Time Magazine’s decision to name Facebook founder and CEO Mark Zuckerberg 2010 Person of the Year reflects our growing love affair with Facebook and, to a greater extent, the significance with which social tools and technologies have permeated our lives. Presumably this means the social Web, driven largely by Facebook’s rapid growth, has finally reached a major milestone in terms of garnering the hearts and minds of the global collective consciousness.
As Lev Grossman puts it in the POY Special, “Facebook has merged with the social fabric of American life, and not just American but human life: nearly half of all Americans have a Facebook account, but 70% of Facebook users live outside the U.S”; “[Facebook] added its 550 millionth member; One out of every dozen people on the planet has a Facebook account. They speak 75 languages and collectively lavish more than 700 billion minutes on Facebook every month. Last month the site accounted for 1 out of 4 American page views. Its membership is currently growing at a rate of about 700,000 people a day.”
While these facts sound staggering, perhaps they signal we’ve reached the critical tipping point of Facebook’s peak popularity. In fact, if Facebook is the barometer for social in general, it’s entirely plausible we could be on the cusp of a social media version of the dotcom bubble burst —or at least a minor contraction in terms of our propensity for socially-centric marketing, brand and consumer engagement. Similar to the coming Darwinism of mobile apps, so too social engagement strategies will need evolve to stay relevant in the digital space.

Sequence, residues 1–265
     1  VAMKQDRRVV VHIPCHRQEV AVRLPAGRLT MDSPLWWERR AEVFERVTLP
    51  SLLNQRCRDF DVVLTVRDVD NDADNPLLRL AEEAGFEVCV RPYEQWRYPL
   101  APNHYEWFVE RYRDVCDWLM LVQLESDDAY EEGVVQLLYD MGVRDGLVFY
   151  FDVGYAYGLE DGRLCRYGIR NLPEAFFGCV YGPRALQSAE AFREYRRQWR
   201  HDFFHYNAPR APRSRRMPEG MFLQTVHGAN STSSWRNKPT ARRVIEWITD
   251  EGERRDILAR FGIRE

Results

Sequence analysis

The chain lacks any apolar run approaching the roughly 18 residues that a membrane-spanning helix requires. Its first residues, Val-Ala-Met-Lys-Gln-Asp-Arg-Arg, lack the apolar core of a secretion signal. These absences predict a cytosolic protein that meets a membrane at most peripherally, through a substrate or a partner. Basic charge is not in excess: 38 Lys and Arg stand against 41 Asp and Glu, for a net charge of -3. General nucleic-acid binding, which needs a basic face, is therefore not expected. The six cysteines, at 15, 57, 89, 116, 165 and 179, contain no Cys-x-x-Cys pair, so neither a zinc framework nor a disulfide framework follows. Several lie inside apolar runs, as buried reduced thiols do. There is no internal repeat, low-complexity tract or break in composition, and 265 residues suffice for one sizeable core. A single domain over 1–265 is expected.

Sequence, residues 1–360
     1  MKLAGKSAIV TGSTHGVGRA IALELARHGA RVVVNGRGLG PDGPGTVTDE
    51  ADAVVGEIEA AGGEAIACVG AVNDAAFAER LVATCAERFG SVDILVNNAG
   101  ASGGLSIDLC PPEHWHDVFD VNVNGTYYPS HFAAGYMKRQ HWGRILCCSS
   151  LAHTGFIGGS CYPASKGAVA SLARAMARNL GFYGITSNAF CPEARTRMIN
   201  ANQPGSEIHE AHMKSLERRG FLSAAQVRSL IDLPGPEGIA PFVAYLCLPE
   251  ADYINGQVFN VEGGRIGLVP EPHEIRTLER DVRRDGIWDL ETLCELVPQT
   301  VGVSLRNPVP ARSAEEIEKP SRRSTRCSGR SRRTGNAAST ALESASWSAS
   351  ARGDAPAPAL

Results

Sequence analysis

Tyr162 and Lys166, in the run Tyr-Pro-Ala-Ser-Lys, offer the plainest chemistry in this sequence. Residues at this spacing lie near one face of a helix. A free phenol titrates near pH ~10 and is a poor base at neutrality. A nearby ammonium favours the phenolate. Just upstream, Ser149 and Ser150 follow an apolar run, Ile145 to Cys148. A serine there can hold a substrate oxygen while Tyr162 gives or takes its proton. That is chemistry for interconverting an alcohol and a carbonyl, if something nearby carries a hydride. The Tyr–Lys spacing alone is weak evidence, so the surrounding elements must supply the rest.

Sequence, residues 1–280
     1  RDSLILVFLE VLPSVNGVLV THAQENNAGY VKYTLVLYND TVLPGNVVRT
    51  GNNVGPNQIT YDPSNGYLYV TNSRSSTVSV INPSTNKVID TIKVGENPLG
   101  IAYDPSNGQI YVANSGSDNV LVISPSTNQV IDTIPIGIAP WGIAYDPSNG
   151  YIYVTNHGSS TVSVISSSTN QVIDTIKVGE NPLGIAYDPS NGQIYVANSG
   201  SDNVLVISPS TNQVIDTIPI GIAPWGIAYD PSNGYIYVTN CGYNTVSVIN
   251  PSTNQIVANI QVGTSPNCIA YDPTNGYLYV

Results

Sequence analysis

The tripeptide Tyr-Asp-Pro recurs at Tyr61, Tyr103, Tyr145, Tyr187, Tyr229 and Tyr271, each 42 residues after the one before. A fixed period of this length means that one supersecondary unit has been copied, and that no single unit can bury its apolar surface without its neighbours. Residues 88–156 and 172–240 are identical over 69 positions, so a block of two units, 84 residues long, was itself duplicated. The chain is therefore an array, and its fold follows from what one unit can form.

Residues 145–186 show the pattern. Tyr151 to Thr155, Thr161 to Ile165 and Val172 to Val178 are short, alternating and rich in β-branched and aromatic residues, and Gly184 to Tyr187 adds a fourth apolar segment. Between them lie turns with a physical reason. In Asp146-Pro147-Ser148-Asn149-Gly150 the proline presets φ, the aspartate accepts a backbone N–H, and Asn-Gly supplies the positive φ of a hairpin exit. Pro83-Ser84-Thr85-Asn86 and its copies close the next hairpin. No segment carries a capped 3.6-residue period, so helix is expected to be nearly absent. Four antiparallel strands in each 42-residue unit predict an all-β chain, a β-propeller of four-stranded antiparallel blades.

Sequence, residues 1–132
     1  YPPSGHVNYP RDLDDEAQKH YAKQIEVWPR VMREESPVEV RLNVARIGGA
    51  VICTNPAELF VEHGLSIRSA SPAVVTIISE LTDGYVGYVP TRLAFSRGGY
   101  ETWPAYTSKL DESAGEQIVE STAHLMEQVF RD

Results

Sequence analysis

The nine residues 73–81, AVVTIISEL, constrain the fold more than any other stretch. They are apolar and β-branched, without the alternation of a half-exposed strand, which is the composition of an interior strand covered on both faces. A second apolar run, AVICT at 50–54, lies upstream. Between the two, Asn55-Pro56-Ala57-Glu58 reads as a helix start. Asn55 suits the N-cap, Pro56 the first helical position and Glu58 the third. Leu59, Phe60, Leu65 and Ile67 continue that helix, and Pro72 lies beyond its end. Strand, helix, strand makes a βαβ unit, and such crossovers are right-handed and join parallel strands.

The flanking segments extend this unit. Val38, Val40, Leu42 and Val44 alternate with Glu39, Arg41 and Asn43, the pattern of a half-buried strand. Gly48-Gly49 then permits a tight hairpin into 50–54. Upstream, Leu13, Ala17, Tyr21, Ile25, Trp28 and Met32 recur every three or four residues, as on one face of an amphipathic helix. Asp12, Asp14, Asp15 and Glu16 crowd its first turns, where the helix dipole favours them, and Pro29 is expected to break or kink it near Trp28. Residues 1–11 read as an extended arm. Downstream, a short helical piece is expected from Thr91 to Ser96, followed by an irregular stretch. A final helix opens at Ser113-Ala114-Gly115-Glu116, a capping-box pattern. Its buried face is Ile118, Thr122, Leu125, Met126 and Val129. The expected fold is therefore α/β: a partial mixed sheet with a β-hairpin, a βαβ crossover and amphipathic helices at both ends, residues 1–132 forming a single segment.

“The social media bubble will burst when consumers get tired of companies’ inauthentic and unoriginal presences and promotions. Consumers don’t want to “like” 1000 brands on Facebook, and they don’t want read the blog of their local dry cleaners. The market will crash when consumers start ignoring bland, blatant attempts by late-comer companies who are now overloading our social networks and attention streams.”
Next year, and extending beyond 2012, could very well be the leveling-off phase where the global reach of social tools and technologies employed my marketers, businesses and institutions gradually begins to subside, or at least gets refined in terms what’s working and what’s not.
Umair Haque, Director of the Havas Media Lab, author, Harvard Business Review contributor writes:
“Today, “social” media is trading in low-quality connections — linkages that are unlikely to yield meaningful, lasting relationships. Call it relationship inflation. Nominally, you have a lot more relationships — but in reality, few, if any, are actually valuable. Just as currency inflation debases money, so social inflation debases relationships. The very word “relationship” is being cheapened. It used to mean someone you could count on. Today, it means someone you can swap bits with.”
Christopher Barger, General Motors’ director of global social media and former blogger-in-chief at IBM:
“In my opinion, we’re headed toward a social media version of the dotcom bubble burst. Too much fluffy speak and ego from self-proclaimed gurus and experts, too much focus on the wrong things (i.e. numbers of likes or followers) rather than actual meaningful engagement, too much kumbaya about the beauty of “the conversation” and the importance of engaging… without more demonstrable tie-backs to business goals or results. I think there are a lot of folks who are at somewhere around 14:40 of their 15 minutes.”
These are provocative observations.
Regardless of whether you subscribe to the emerging bubble theories, the notion we could be paying lip service to meaningful social engagements in the form of superficial interactions (e.g. you follow me, I’ll follow you back) raises compelling questions. Namely, do we want quantity or quality in our relationships in the digital space?
While likes and followers can be a great way to bolster a company or brand’s profile, they do not represent the ultimate measurement for success in the social space. Digital strategists beware.
[image credit: Mark Hill via Flickr]